Home https://server7.kproxy.com/servlet/redirect.srv/sruj/smyrwpoii/p2/ World https://server7.kproxy.com/servlet/redirect.srv/sruj/smyrwpoii/p2/ Cases of death are increasing as the lack of oxygen continues

Cases of death are increasing as the lack of oxygen continues



A patient with Covid-19 corovirus breathes with the help of oxygen provided by Gurdwara, a Sikh place of worship, under a tent set up by the road in Ghaziabad on May 6, 2021.

Prakash Singh | AFP | Getty Images

On Thursday, India once again reported a record number of deaths and deaths as it faced a devastating second wave of Covid-1

9 infections that pushed its health system to the brink of collapse.

Data from the Ministry of Health shows that 412,262 new cases of infections were registered in a period of 24 hours, resulting in a total of more than 21 million days after crossing the 20 million mark on Tuesday.

India also reported its highest daily mortality rate at 3,980 deaths. But media reports suggest that mortality is falling.

Prime Minister Narendra Modi’s government is facing criticism for allowing large crowds to gather for election rallies and religious festivals. earlier this year as well as the inability to anticipate or prepare for a second wave.

The Indian oxygen crisis

Cases began to rise in February, but the second wave accelerated in April. The resumption has hit hospitals struggling with bed shortages, as well as a limited supply of oxygen and medicines to treat patients. The international community is committed to sending medical care in the form of oxygen cylinders, concentrators and other medical supplies. Some of these shipments of aid have begun to arrive in India, according to reports.

However, the situation has not eased as the number of cases has increased and the severity of these cases, according to Abhay Soi, chairman and managing director of Max Healthcare, which has hospitals in Delhi, Maharashtra, Punjab and Uttarakhand.

“This means that, in essence, the oxygen requirement is also increasing,” he told CNBC’s Street Signs Asia on Tuesday.

“Usually the intensive care unit requires two and a half to three times the amount of oxygen required by a ward or patient in bed. So as criticality moves upwards, while mortality rises, you will see the need for oxygen also move upwards,” he said.

Soi explained that Max Healthcare conducts about 4,000 RT-PCR tests in the Delhi area a day, and about a week ago, these Covid-19 tests had a positive rate of more than 50%, which has since dropped to about 31%.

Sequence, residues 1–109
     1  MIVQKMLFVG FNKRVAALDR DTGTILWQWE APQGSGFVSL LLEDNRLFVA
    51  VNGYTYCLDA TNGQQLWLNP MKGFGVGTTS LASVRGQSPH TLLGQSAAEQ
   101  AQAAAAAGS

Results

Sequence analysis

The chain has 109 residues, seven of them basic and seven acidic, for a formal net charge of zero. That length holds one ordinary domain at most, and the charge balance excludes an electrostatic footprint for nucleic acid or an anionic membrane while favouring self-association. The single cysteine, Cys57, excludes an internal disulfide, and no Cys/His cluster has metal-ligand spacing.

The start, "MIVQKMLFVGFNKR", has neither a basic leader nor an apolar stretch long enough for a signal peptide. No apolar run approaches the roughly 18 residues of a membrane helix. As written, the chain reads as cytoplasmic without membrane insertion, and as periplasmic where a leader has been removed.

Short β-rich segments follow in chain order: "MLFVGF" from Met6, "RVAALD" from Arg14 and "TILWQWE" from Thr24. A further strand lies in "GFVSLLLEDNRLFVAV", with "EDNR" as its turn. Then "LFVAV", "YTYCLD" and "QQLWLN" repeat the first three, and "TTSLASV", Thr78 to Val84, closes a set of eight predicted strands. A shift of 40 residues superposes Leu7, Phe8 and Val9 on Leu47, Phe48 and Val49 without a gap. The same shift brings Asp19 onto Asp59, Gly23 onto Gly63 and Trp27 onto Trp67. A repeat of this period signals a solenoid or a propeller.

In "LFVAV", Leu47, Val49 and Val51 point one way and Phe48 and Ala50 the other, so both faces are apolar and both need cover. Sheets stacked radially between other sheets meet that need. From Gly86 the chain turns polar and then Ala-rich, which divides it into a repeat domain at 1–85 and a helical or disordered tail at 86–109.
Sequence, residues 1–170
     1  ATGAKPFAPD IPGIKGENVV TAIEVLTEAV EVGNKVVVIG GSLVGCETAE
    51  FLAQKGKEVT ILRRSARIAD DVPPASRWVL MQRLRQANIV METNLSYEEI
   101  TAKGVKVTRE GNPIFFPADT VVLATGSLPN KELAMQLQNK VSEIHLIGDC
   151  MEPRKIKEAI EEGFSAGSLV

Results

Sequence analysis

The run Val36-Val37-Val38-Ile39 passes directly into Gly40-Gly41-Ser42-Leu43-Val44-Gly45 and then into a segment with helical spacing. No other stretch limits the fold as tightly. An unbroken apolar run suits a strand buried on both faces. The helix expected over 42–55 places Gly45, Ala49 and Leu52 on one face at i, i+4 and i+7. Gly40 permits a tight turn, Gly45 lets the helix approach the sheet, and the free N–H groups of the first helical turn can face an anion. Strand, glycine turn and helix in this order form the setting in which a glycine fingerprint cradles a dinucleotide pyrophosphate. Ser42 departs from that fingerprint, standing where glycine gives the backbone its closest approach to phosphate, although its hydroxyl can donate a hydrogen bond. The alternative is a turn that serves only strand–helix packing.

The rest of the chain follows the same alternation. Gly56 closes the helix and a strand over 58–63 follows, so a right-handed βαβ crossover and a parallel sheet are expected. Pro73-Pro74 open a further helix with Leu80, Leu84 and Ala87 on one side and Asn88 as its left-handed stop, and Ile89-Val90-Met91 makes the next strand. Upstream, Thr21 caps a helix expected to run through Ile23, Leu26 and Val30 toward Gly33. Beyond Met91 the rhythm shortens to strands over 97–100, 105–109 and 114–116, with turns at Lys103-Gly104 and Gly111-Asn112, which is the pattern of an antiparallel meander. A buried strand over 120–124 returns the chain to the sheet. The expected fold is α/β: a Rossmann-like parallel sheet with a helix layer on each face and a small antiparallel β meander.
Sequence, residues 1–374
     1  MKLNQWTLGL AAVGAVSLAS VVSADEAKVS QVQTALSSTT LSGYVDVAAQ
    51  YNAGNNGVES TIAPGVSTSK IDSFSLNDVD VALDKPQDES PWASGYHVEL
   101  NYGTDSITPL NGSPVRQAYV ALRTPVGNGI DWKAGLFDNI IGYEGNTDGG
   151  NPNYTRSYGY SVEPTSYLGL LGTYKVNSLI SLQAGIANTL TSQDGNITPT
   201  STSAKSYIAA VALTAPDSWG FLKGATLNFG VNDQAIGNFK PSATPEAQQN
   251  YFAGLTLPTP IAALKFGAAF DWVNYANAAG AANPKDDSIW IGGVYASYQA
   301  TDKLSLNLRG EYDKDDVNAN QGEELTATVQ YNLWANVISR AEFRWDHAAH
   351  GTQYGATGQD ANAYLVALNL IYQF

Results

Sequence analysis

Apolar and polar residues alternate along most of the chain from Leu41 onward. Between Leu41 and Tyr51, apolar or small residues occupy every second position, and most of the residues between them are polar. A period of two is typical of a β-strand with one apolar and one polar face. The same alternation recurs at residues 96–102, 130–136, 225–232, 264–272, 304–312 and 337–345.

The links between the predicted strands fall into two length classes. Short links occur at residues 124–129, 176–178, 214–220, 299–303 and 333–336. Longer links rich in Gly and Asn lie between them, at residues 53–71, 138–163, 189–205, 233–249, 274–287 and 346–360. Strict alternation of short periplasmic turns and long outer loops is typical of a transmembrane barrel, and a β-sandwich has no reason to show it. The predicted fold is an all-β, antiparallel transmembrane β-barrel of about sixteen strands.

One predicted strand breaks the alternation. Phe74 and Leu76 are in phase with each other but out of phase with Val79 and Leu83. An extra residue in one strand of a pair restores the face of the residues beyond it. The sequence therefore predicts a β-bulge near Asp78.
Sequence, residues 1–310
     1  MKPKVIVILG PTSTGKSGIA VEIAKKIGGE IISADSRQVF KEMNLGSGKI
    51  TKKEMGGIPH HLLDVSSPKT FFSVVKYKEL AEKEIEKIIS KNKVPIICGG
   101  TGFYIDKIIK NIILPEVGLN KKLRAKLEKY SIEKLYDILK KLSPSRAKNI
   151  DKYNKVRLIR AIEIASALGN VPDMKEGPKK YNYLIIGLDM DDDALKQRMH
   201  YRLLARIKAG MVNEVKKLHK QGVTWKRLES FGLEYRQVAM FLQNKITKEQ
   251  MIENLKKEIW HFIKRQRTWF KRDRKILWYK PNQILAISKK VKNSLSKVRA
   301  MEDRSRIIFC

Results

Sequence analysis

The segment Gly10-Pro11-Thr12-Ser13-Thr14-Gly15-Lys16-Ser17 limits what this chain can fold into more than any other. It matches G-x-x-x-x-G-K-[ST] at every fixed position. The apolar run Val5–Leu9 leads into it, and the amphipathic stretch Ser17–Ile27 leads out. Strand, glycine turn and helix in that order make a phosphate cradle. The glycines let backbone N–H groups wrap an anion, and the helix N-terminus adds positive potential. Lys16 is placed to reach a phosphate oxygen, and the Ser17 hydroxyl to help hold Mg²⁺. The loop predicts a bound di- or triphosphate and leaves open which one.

“So what you’re going to see right now are people who were infected about seven, eight days ago when they were admitted to hospitals,” he said, adding that these patients need a variety of medications and support, including oxygen.

The courts are coming

On Wednesday, India’s Supreme Court ordered the central government to present a comprehensive plan by Thursday, outlining steps it will take to meet medical oxygen needs for Delhi hospitals, including sources of supply and transportation. The country’s Supreme Court also left a notice of contempt issued by the Delhi Supreme Court on May 4 to the central government for disobeying orders to supply enough oxygen to Delhi hospitals.

Delhi Supreme Court judges Vipin Sangi and Reha Pali noted on Tuesday that hospitals and nursing homes need to reduce the number of beds on offer, as they are unable to service their existing capacity due to a lack of medical oxygen.

The territory of the National Capital of Delhi, which includes Indian The capital of New Delhi is one of the a few areas where there has been a rapid jump in cases, forcing local authorities to tighten restrictions to try to break the transmission chain.

Logistics problem

India has enough oxygen available, but the main problem is around logistics, according to Siddhart Jain, director of Inox Air Products, one of the renowned manufacturers of industrial and medical gases in India.

Jane told CNBC’s Street Signs Asia on Wednesday that the country’s oxygen producers had increased production by more than 30 percent in recent weeks. He said India has more than 9,000 tonnes of oxygen a day, while medical oxygen consumption is slightly higher than 7,500 tonnes.

“There is certainly a lot of oxygen available. We just have to make the logistics right. It is available in parts of India that are far from the parts of consumption,” Jane said. He explained that most of India’s oxygen production occurs in the western and eastern states, some of which are relatively less densely populated and therefore do not need as much oxygen.

“Delhi is certainly the capital of India, but oxygen needs are all over the country,” he said. pointing out that there are challenges in moving oxygen from one part of India to another.

However, Soi from Max Healthcare said that although logistics have improved, there are still some gaps that need to be filled.

For its part, the Indian government has stepped up its efforts to streamline oxygen supplies to the country. He set up two medical oxygen plants in New Delhi within a week and allocated funds to install 500 such plants across India over the next three months.


Source link